• Possible next steps:
    • Assuming the Senate can pass its legislation for the American Jobs Plan, it will likely be different from what the House passed, i.e., the $547 billion surface transportation bill (H.R. 3684)
    • Normally, these bills would immediately be conferenced to hash-out the differences between the bills
    • Instead, a conference on legislation for the American Jobs Plan could be tabled so action can begin on the American Families Plan

Track Two:

  • The American Families Plan:
    • Congressional Democrats seek to move this bill through a process called “budget reconciliation”
    • Democratic congressional leaders must first pass a budget before they can use budget reconciliation to move their American Families Plan
    • Both chambers must agree on the same budget
    • The Senate hopes to pass a budget this month
    • It is unclear when the House will vote on a budget
  • In the Senate:
    • Senate Budget Chairman Bernie Sanders (I-Vt.) is preparing a budget that includes “reconciliation” instructions
    • The instructions are expected to allow a bill costing $6 trillion with $2.4 trillion in tax increases
    • Many of the tax provisions to be in Sanders’ plan were included in the Jobs and Families plans. They were explained in the Treasury’s Green Book and include:
      • Raising the corporate income tax rate from 21% to 28%
      • Taxing long-term capital gains and qualified dividends at ordinary income tax rates for taxpayers with adjusted gross income of more than $1 million
      • Significantly modifying the taxation of the international activities of U.S.-owned businesses
      • Limiting the amount of gain eligible for deferral under section 1031
      • Repealing tax provisions benefiting the fossil fuel industry
      • Providing additional tax incentives for renewable and alternative energy
      • Transferring appreciated property by gift or on death would be taxed as realization events, subject to a $1 million per person exemption, effectively allowing stepped-up basis with respect to exempted property
      • Ensuring that all trade or business income of taxpayers with adjusted gross income in excess of $400,000 would be subject to either the 3.8% Medicare tax or the 3.8% net investment income tax
    • The Sanders proposal provides relief on the SALT deduction cap, but details have not been made public
    • On the Spending side, this bill will address an array of issues, like childcare, elder care, day care as well as Medicare, climate and immigration matters
      • Reconciliation rules may not permit some of these provisions being in the bill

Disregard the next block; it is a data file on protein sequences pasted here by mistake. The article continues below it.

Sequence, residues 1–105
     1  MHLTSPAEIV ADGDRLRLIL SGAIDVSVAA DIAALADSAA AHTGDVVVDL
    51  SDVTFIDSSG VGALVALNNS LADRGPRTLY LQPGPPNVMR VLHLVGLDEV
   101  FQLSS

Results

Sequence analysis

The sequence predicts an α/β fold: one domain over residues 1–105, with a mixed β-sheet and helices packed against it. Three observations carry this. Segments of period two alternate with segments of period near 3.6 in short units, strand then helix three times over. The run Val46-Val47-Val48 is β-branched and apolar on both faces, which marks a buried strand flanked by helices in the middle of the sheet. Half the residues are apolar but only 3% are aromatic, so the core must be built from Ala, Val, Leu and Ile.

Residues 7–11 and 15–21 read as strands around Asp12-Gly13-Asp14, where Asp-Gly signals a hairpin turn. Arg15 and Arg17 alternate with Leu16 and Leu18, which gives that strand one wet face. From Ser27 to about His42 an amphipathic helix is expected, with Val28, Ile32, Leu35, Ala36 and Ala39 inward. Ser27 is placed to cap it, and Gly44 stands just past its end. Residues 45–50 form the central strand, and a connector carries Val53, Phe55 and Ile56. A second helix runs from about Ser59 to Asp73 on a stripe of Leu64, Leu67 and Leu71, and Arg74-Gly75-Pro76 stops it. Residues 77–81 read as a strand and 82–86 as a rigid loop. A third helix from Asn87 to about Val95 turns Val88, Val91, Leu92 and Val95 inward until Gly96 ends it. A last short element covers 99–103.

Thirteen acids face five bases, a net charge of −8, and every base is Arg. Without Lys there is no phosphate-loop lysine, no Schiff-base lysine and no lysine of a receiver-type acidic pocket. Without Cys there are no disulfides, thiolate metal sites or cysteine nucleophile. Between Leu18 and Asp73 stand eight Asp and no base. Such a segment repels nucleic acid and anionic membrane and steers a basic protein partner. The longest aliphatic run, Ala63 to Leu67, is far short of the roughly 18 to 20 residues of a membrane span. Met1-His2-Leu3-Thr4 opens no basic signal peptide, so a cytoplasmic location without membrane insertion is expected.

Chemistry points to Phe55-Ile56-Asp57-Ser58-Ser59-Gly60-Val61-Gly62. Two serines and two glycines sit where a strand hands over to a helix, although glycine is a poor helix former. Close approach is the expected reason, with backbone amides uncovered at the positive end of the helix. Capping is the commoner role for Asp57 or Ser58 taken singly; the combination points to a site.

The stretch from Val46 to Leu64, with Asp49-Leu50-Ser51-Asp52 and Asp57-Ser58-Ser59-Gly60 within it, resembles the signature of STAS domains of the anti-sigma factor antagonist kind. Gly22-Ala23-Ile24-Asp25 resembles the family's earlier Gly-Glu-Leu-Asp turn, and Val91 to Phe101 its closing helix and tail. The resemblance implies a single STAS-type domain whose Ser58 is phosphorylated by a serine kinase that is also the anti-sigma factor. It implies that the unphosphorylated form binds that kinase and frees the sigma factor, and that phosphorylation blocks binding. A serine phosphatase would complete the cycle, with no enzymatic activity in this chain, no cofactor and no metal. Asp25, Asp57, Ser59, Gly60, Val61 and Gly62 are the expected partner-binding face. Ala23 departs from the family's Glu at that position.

• In the House:
    • House Budget Chairman John Yarmuth (D-Ky.) will wait to release his budget proposal until the Senate passes its budget resolution

Possible next steps:

  • After the House and Senate pass the same budget, committees in both chambers are expected to use the reconciliation instructions to write the legislative text for the American Families Plan
    • The legislative process will require action from several committees and is expected to take a while
  • Votes needed to pass if legislation for the American Families Plan is created:
    • The House: a simple majority
    • The Senate: a simple majority (51 votes)
      • Budget reconciliation rule allow passage with a simple majority
      • There are 50 Democratic Senators, so all of them need to support the bill
      • Vice President Kamala Harris would be the 51st vote

Prospects for passage:

  • Jobs Plan: Progressive Democrats in both chambers could oppose it
    • They think its benefits are too narrowly focused, i.e., not enough aid to familes
      • House: Can only lose four Democratic votes before it fails
      • Senate: If Dem opposition is widespread, passage depends on GOP votes, which is dicey
      • If this bill fails to pass, it could be rolled into the Families Plan
  • Families Plan: Moderate Democrats are not fond of the bill
    • They say it spends too much and increases taxes
    • No Republican from either chamber is expected to support it
      • House: Can only lose four Democratic votes before it fails
      • Senate: If one Democrat opposes it, it fails
  • Since Biden released these plans, it seems less likely that they will be enacted into law. However, that could change. There is a saying on Capitol Hill that legislation is assumed to fail – until it passes. This could be true for Biden’s plans, but it is too early to tell
  • The House and Senate are expected to vote on both bills in the fall